From my understanding "Curry" [SIC] essentially means "Sauce" in Indian dialect. That's it, and its not even an Indian word in that form. Indians call it curry for the English (and English speaking) who invented the word...AND the spice blend. There is really nothing "Indian" about "Curry" as Americans refer to it. Indians tell you its curry in their restaurants because Americans are not aware of the facts, and if you dont call it curry, Americans dont think its curry, but will believe ANYTHING is curry if you tell them it is. That's not a diss on Americans, I am one...I just happened to have discovered the facts as I researched how to make what is called curry in Thai Cuisine. I'm not a fan of Indian food...too much sweet stuff for me, raisins and other weird stuff in savory dishes...kind of like African food, at least the restaurants I've been to in the U.S., which is the only versions I have to go by.
Curry=sauce=gravy. From my experience dealing with Brits for instance, when they refer to "Gravy"...what we think of that goes over turkey and mashed potatoes, etc....as "sauce". This is from first hand experience seeing someone who was visiting the U.S. From Kent, U.K. actually refer to what we call "Gravy" as "Sauce". They liked it...just called it something else.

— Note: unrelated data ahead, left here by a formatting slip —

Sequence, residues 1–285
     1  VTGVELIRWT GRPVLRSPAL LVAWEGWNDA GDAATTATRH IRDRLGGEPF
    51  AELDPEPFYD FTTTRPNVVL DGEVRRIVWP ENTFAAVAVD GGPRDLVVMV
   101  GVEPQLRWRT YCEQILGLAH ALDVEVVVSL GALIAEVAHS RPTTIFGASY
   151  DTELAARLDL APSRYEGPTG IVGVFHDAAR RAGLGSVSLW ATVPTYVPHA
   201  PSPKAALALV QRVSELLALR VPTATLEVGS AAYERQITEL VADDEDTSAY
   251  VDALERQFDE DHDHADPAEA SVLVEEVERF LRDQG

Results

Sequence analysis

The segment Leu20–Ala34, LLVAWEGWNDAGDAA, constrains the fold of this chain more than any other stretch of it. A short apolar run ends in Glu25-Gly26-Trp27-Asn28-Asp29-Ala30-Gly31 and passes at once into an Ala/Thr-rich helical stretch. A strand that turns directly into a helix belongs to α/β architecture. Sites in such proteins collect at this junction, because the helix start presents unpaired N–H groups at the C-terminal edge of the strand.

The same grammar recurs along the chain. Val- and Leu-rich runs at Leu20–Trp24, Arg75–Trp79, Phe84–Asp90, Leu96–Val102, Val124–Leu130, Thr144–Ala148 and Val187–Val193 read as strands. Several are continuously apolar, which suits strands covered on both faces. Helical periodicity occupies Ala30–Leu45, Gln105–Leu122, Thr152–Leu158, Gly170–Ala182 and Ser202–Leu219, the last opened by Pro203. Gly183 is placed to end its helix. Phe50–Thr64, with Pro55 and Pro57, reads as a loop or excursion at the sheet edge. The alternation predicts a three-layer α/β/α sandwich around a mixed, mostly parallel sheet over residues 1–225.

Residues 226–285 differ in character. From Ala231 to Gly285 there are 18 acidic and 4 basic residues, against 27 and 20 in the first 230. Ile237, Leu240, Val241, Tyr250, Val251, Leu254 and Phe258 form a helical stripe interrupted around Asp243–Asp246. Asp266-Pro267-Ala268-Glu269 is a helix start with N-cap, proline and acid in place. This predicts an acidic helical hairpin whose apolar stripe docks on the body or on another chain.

All of it is essentially a liquid whether thin or thick that is used with other ingredients to wetten them.
Here's a quote from this web article
That backs up part of what I'm describing:
"Indians usually only use the word “curry” when they are speaking English and then only when referring to something with a sauce or gravy, rather than a spice.
Curry is a word invented by the British back when they ruled India. It is the anglicized version of the Tamil word kari, meaning sauce and is now commonly used to describe almost any food of South Asian origin."
So, a dry spice mix is not a "curry" because it is not a liquid. Curry Powder is a British invention, a dry spice mix...but not "Curry"